In fact, each of the valid studies to date show one of two things: 1) No risk or, 2) inverse risk (as radon concentration goes up, risk of lung cancer goes down).
    "(A)s radon concentration goes up, risk of lung cancer goes down."

    In other words, the more radon you are exposed to the lower your risk of radon-induced lung cancer and conversely the less radon you are exposed to the greater your risk of radon-induced lung cancer. Am I understanding you correctly? How much radiation do you recommend we expose our lungs to to achieve the maximum benefit from radon?

    Quote Originally Posted by Caoimhín P. Connell View Post
    The reality is that NOBODY argues against the fact that massive doses of radon, such as that seen in mines, increases [sic] the risk of cancer. That is not a contention, those doses are known to increase the risk of cancer and can be shown to confidently follow predictable models – what is contentious in the radon issue is that not a single model, not a single study, not a single shred of evidence anywhere on the planet has demonstrated that radon exposure at concentrations seen in homes is sufficiently elevated to result in a dose that can overcome the DNA repair mechanisms and increase the risk of lung cancer.
    Oh, OK. So "massive" doses of radon (e.g., that found in mines) increase the risk of lung cancer.

    Let me see if I am understanding you correctly:

    Low levels of radon are bad.
    High levels of radon are good.
    "Massive" levels of radon are bad.

    I guess at some point the curve bends and there is no longer a benefit from exposure to higher levels of radon.

    Quote Originally Posted by Ken Rowe View Post
    .
    Is "massive doses" a specific number? What exactly does that mean? You are admitting that "massive doses" of radon increases the risk of cancer. What exactly is that massive dose number? Is it 2 pc/l? is it 5, maybe 30? Maybe 100.

    Then you mention the "concentrations seen in homes". I've seen 1 pc/l, and I've seen 30. Are you saying, in your vast experience that a person exposed to 30 pc/l 24 hours a day will be totally fine?
    I have personally measured radon concentrations as high as 150 pCi/L and I know other inspectors who have measured radon concentrations as high as 700 pCi/L. Would these high levels be considered beneficial or have these measurements crossed over into the "massive" range?

    "Baseball is like church. Many attend but few understand." Leo Durocher
    Bruce Breedlove
    www.avaloninspection.com

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    Default Re: Misinformation Flying On EPA Protocols For Radon Testing

    WOW!!!!!!!!!!!!!!!!


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    Default Re: Misinformation Flying On EPA Protocols For Radon Testing

    Quote Originally Posted by Bruce Breedlove View Post
    ...
    Let me see if I am understanding you correctly:

    Low levels of radon are bad.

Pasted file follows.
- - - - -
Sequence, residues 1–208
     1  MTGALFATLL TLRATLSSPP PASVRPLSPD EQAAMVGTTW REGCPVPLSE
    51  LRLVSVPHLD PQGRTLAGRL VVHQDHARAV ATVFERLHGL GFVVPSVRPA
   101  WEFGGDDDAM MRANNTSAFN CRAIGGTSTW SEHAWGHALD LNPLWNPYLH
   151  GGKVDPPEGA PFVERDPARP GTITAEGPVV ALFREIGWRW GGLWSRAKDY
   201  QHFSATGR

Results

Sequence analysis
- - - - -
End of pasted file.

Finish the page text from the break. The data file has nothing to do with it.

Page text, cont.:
High levels of radon are good.
    "Massive" levels of radon are bad. ...
    Try water as an example:

    Not enough water, you die.
    Reasonable amount of water, you live.
    Too much water, you die (swelling of the brain).

    Just ask Goldilocks.

    "There is no exception to the rule that every rule has an exception." -James Thurber, writer and cartoonist (1894-1961)
    www.ArnoldHomeInspections.com

  19. #19
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    Default Re: Misinformation Flying On EPA Protocols For Radon Testing

    Quote Originally Posted by John Arnold View Post
    Try water as an example:

    Not enough water, you die.
    Reasonable amount of water, you live.
    Too much water, you die (swelling of the brain).

    Just ask Goldilocks.
    Touche.

    However, the last time I checked water is required to support life and it does not cause lung cancer.

    I'd like to know where the "sweetspot" is for radon - the level of radon at which my risk of lung cancer is the lowest. If you believe what was stated above your risk of radon-induced lung cancer is higher if your lungs are not exposed to enough alpha particle activity at radon levels below the "sweetspot".

    Does anyone know if any studies have been done that compare the incidence of lung cancer in never-smokers in people who live in Zone 3 (e.g., most of Florida and Texas) versus people who live in Zone 1 (e.g., Iowa).

    Last edited by Bruce Breedlove; 11-29-2010 at 07:56 AM. Reason: corrected zone numbers
    "Baseball is like church. Many attend but few understand." Leo Durocher
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    Default Re: Misinformation Flying On EPA Protocols For Radon Testing

    This also reminds me of the recently published study showing that heavy drinkers, believe it or not, live longer than non-drinkers, although not as long as moderate drinkers.

    So,

    no alcohol = bad
    some alcohol = good
    a lot of alcohol = better than no alcohol

    Heavy Drinkers Outlive Nondrinkers, Study Finds - TIME

    Goldilocks was too young to drink, though.

    "There is no exception to the rule that every rule has an exception." -James Thurber, writer and cartoonist (1894-1961)
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    Default Re: Misinformation Flying On EPA Protocols For Radon Testing